Allergy symptoms and those of some illnesses overlap. Here’s how to use clues to tell what’s likely going on.
When you develop a case of the sneezes, a runny or stuffy nose, or itchy or watery eyes, you might wonder if you’re experiencing temporary allergy symptoms. On the other hand, some allergy symptoms mimic those of respiratory infections. So you might also suspect the common cold, a sinus infection, or a case of COVID-19 or the flu.
Allergy symptoms vs. signs of infection
“In general there are some pointers that can indicate to you whether it’s allergies or whether it’s a cold or something else that could be causing symptoms,” said Basil Kahwash, M.D., of the Vanderbilt Asthma, Sinus and Allergy Program.
Do you have allergies?
Have you been tested for allergies, and do you have a confirmed allergy diagnosis? If so, that certainly ups the chances that your symptoms are related to allergies, especially if they’re consistent with previous reactions, Kahwash explained.
Have you been exposed to a trigger?
“If you know what your allergy triggers are because you’ve been tested before and you know you’ve been exposed to something that is a trigger for you,” Kahwash said, “then that’s also a sign.” If the time of year coincides with an allergy season that typically affects you, for example, potentially your symptoms are related to a high pollen count.
Do you itch?
If you have itchy eyes or an itchy nose, that could indicate allergies rather than another condition.
Do allergy meds help?
“Allergy symptoms will tend to at least get a little bit better when you take allergy medication,” Kahwash said. “Antihistamines, nasal sprays — things like that — if those aren’t cutting into your symptoms at all, then it’s probably not allergies.”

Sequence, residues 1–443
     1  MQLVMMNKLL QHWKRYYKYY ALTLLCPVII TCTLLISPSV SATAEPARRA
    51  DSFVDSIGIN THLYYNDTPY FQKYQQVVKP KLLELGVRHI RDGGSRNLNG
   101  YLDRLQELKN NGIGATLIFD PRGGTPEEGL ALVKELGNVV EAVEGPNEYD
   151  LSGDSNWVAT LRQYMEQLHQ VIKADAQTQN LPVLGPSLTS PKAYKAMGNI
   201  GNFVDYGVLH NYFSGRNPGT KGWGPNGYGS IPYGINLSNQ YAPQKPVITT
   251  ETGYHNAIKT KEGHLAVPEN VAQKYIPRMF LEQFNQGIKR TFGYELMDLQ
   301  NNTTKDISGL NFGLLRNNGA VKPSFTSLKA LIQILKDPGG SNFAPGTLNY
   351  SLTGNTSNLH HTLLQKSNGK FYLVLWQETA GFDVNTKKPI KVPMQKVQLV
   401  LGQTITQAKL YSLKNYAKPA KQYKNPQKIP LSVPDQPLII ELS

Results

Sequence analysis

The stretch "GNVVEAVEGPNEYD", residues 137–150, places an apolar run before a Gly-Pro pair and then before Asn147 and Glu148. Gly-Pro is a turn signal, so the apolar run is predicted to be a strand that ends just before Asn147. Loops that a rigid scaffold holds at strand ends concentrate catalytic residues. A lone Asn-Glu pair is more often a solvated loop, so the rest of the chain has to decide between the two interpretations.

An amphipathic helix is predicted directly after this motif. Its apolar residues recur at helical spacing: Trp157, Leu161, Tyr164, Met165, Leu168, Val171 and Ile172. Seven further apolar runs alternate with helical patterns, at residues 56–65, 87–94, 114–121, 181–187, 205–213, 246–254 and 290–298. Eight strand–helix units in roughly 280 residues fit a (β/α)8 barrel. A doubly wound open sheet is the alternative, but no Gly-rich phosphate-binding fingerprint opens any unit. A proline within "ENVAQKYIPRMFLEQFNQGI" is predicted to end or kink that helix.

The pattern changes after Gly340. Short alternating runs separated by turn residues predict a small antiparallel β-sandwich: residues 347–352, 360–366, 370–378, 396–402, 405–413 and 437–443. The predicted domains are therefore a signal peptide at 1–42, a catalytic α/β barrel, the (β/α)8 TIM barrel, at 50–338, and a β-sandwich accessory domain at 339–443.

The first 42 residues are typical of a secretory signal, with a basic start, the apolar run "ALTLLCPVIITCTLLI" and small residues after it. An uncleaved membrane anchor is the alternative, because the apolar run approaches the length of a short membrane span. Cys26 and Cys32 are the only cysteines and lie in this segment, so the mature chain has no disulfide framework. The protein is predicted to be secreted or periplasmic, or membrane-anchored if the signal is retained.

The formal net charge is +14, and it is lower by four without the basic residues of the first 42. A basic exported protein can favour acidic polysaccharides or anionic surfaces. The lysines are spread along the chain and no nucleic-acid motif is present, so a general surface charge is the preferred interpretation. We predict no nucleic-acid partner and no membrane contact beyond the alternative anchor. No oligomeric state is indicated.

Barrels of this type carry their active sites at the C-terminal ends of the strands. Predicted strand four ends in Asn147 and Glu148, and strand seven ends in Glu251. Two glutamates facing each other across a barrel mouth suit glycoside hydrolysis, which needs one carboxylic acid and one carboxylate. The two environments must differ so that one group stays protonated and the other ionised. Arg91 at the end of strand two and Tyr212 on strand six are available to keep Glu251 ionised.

It could be both allergies and an infection
Intense allergy-like symptoms could signal a dual concern. “If you’re having a lot of inflammation and congestion inside your airways,” Kahwash explained, “we’ve seen how that can lead to the trapping of infectious organisms, whether they be viruses or bacteria, inside those parts of a person’s body. You certainly can get an infection on top of environmental allergies.” If it’s an early viral infection, the best measures include rest, drinking fluids and time, he added.
When to see a doctor for allergy-like symptoms
In general, you don’t need to see a doctor for mild allergy- or cold-like symptoms. However, if you’re having a highly productive cough, you’re wheezing or struggling to breathe, or have a fever that doesn’t resolve, you should see a health care provider. If you have a weakened immune system — due to a medical condition, cancer treatment or medications — check in with your doctor about your symptoms.
If you think you have a sinus infection, and your symptoms persist for a week or more, also contact your doctor. In most cases of sinus infection, you won’t need an antibiotic unless your symptoms don’t resolve or you have a high fever, Kahwash explained.
When to get tested for allergies
If you frequently find yourself wondering whether you’re dealing with a case of allergies or another condition, it’s a good idea to get tested. “I think allergy testing — to know what your triggers are and to know whether you’re allergic — makes sense for many people,” Kahwash said, “because there are other things besides allergies that can make somebody have a stuffy or runny nose and a cough.”
Considering allergy shots or getting tested for allergies? Visit the Vanderbilt Asthma, Sinus and Allergy Program for an evaluation and the most up-to-date treatment recommendations. Call 615-936-2727 for an appointment.